In a private home, various individuals think they they’re coming together for a party. A series of revelations results in a huge crisis that throws their belief systems, and their values, into total disarray.
ActorsStarring: Timothy Spall, Kristin Scott Thomas, Patricia Clarkson, Bruno Ganz, Cherry Jones, Emily Mortimer, Cillian Murphy
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Sally Potter has a history of making arty films dating back to her best-known work Orlando (1992), though she made her first super 8 film at the age of just fourteen. The Party is a low budget, black and white affair shot in a fortnight and restricted to just seven characters. Janet (played by Kristin Scott Thomas) is a career politician who has just been promoted to the shadow cabinet. She throws a dinner party to celebrate along with her husband Bill (Timothy Spall), inviting an assortment of old friends. April (Patricia Clarkson) is a forceful and sharp-tongued American with a “life coach and healer” boyfriend Gottfried (Bruno Ganz). Martha (Cherry Jones) is a lesbian university professor with a much younger wife Jinny (Emily Mortimer) who have some news of their own to bring to the party. Completing the party is brash young cocaine-snorting financier Tom (Cillian Murphy) and his beautiful wife, who is arriving later.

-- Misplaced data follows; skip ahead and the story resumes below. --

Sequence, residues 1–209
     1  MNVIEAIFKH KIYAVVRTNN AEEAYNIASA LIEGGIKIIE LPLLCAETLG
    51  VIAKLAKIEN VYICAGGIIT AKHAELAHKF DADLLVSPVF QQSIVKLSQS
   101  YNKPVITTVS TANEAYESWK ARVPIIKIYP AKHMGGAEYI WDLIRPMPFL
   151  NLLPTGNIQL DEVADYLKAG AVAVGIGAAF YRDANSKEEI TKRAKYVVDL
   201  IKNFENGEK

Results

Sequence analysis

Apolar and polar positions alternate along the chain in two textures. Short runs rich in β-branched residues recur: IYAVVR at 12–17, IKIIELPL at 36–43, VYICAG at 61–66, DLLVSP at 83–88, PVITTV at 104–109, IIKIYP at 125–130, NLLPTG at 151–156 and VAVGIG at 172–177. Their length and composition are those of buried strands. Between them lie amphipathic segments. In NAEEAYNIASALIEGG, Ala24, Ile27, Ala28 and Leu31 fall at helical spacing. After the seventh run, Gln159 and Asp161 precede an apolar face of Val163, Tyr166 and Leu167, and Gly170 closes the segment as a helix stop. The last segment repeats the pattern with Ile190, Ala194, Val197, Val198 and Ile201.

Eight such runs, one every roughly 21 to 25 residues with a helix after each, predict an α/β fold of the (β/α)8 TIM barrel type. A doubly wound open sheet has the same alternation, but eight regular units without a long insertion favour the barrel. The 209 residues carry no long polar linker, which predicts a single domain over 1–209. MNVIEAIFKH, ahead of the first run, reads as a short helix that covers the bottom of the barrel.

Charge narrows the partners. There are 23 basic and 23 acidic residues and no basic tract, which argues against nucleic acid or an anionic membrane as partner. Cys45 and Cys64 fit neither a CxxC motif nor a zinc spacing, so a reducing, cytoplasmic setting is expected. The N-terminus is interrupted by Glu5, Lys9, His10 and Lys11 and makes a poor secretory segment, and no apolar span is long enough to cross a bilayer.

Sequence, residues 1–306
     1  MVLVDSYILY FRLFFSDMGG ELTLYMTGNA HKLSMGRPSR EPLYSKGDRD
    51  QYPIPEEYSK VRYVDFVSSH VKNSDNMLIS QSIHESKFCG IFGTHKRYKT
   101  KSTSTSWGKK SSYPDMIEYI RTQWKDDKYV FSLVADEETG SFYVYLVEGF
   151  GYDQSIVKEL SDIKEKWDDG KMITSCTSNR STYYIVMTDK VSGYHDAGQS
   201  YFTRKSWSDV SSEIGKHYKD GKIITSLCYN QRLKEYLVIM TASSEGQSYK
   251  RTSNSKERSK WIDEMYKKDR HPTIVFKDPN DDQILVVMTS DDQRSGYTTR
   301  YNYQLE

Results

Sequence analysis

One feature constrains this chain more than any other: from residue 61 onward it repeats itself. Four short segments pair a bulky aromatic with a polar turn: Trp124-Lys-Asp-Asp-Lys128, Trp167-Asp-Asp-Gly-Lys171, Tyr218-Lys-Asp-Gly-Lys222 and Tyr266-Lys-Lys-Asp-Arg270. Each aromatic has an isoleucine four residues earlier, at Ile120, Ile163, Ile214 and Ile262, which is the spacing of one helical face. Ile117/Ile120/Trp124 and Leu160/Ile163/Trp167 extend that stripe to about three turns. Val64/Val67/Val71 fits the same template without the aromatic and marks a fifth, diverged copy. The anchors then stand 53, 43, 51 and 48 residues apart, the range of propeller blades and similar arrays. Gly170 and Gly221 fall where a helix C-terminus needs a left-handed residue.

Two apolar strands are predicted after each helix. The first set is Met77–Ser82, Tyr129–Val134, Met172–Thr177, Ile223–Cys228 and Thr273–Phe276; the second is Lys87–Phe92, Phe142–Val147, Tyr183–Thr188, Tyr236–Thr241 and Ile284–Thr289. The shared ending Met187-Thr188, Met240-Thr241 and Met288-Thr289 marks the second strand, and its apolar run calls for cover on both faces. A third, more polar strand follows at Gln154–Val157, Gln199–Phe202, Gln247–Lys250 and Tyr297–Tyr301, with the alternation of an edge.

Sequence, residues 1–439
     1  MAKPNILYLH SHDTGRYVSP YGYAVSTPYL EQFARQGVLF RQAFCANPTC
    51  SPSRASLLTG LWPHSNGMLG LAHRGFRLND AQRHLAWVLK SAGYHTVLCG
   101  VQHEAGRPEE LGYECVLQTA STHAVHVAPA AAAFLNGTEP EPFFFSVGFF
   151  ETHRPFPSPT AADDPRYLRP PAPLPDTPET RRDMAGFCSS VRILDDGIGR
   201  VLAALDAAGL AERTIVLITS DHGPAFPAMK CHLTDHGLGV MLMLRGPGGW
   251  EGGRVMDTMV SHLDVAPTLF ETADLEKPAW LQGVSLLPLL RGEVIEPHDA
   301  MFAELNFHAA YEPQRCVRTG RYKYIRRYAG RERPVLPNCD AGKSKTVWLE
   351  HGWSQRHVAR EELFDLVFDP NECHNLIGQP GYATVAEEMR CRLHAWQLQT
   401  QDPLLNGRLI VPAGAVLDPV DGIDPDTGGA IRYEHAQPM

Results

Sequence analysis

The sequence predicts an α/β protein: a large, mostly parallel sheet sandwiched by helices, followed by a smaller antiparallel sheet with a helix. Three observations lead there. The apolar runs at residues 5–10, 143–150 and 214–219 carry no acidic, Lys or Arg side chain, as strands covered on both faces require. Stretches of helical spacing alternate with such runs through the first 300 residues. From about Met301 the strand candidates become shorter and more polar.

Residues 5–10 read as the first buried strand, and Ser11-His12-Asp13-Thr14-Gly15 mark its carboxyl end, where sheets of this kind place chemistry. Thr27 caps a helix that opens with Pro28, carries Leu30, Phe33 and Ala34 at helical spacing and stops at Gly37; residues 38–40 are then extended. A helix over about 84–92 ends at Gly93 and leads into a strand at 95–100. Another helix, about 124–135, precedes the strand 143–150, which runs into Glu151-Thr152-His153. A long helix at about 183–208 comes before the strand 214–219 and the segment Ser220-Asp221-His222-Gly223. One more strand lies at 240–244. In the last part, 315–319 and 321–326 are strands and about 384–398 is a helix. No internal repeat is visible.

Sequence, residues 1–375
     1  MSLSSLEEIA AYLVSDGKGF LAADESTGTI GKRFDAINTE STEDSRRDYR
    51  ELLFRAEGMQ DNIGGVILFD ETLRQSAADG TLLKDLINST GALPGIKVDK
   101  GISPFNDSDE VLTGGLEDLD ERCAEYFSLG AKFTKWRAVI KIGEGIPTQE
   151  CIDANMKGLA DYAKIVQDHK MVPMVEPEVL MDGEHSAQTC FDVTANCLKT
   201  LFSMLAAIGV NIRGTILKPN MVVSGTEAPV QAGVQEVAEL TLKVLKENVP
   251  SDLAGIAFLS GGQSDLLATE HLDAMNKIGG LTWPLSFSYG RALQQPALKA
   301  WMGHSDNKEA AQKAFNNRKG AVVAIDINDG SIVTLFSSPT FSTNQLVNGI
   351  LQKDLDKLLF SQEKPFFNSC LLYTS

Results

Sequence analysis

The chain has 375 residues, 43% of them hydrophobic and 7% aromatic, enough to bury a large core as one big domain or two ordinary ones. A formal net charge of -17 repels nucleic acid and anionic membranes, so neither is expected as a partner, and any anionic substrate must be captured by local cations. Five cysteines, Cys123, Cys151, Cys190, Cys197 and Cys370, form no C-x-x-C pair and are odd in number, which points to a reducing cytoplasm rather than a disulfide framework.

The dinner party from hell is a peculiarly British form of dread, depicted in diverse forms from Mike Leigh’s 1977 classic work Abigail’s Party up to the recent first season climax of hit TV show Doctor Foster. The party does not go according to plan, with Bill having his own dramatic announcement to make, tensions between the other two couples present and the evidently stressed-out Tom having an entirely different agenda for the evening. The film works because Sally Potter’s script has a keen eye for middle class hypocrisy and pretentiousness, the sharp lines delivered by a classy cast. One entertaining note is the series of wildly inappropriate musical pieces in the form of albums played on the old record player in the lounge as the evening progresses through its ever more crisis-riven course.
A film with such limited scope could easily fall flat on its face but it is carried along by energetic direction and the clever cinematography of Alexei Rodionov, who conjures inventive angles from the very confined space that he has to work with. Champagne socialism and politically correctness are not the toughest satirical targets, but the script has enough witty lines to keep the audience engaged, and at just 70 minutes it does not outstay its welcome.